Born in Italy, Dominico Canova spent many years painting frescoes in banks, churches, and private homes in New Orleans and southern Louisiana.
From 1840 until his death in 1868, Dominico Canova was among the best decorative and mural painters in New Orleans, working in churches, hotels, and private residences. He was also active as a drawing and painting teacher and made at least a few lithographs. Ornamental painting was Canova’s forte. He painted murals for early New Orleans art collector James Robb during the early 1840s, ceiling decorations at Our Lady of the Lake Church in 1846 with fellow Italian Antoine Mondelli, the French Opera House in the early 1850s, and frescos for St. Alphonsus Church (1866). He may have painted ceiling or altar decorations for St. Louis Cathedral, but this is undocumented. Records do indicate that Canova painted murals at both Whitney (1848) and San Francisco (ca. 1850) plantations. He also painted faux wall treatments on the rear gallery and ceiling at Whitney.
Canova was born in Milan, Italy, and presumably had some artistic training. It is often claimed that he was a nephew of Italian artist Antonio Canova, but this is not confirmed. Nor is anything known of his early training. Canova emigrated to New York City in 1825, finding employment as a lithographer at the firm of Anthony Imbert. Among his earliest known works are illustrations for Cadwallader D. Colden’s Memoir of the Erie Canal Celebration (1825). He accepted a position teaching drawing and painting to the sons of wealthy plantation owners at the College of Jefferson in Convent, Louisiana, remaining until 1839. In December 1838, Canova advertised his availability in New Orleans during the winter break, when he was free from his teaching duties. In 1840 he settled at a studio on 80 Royal Street, near the heart of the growing Canal Street commercial district. Canova was immediately successful. With A. Pinoli, he secured a commission to restore the decorations damaged by a fire at the St. Louis Exchange Hotel in 1841.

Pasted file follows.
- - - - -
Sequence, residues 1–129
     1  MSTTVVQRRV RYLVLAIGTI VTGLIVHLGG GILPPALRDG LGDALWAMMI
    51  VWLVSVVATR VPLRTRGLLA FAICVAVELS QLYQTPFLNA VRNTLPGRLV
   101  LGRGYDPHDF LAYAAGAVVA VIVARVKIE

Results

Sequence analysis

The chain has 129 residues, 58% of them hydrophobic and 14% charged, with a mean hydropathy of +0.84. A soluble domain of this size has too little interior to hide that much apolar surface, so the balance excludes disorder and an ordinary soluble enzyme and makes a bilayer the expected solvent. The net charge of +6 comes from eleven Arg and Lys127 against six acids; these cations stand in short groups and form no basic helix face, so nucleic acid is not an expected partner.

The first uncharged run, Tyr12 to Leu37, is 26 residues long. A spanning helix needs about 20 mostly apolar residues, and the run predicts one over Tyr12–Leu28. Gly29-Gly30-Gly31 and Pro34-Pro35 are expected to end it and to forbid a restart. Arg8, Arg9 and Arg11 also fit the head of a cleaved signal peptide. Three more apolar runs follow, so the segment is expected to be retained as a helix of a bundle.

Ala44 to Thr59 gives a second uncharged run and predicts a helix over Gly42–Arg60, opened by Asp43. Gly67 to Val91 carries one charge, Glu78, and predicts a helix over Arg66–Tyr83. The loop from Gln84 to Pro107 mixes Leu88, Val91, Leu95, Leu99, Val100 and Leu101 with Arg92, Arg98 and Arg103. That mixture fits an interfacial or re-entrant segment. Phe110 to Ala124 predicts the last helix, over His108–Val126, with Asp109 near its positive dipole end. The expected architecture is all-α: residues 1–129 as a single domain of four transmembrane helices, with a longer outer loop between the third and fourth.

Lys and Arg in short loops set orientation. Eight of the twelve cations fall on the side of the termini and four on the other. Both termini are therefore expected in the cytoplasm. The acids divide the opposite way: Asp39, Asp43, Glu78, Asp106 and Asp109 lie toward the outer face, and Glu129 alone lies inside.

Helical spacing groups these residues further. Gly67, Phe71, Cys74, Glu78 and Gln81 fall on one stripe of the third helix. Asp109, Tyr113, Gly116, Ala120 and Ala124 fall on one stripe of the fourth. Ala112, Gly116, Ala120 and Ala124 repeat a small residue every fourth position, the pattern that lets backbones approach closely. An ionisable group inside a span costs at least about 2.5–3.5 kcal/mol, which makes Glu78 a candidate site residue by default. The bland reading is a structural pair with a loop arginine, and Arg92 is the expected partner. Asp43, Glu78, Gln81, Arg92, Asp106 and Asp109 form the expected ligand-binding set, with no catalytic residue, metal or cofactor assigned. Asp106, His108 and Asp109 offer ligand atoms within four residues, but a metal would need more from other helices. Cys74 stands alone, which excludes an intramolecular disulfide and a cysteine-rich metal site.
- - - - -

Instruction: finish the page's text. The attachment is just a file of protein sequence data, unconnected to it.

Teaching provided a primary means of support throughout Canova’s career. He taught drawing at the Louisiana College Institution pour les Jeunes Demoiselles in 1844 and again in 1852; at De Viller’s Lyceum in 1845; and at Franklin High School in 1846 and again between 1850 and 1852. In addition, he offered private lessons with Jules Lion at 1 Exchange Passage in 1848. He made at least one lithograph while in New Orleans, a political cartoon about John McDonough, in 1850.
Canova also painted a large canvas with overt political overtones in 1864. Entitled Episode in the American Civil War: Determination and courage of a Confederate prisoner at Vicksburg, it depicts, in vivid detail, the case of P. Albert Melton, an imprisoned soldier who cut off his own left hand with a hatchet rather than serve federal troops. Although likely an apocryphal story, Canova’s visual narrative has been misidentified and misinterpreted over the years as a pro-slavery statement. He died in New Orleans in 1868.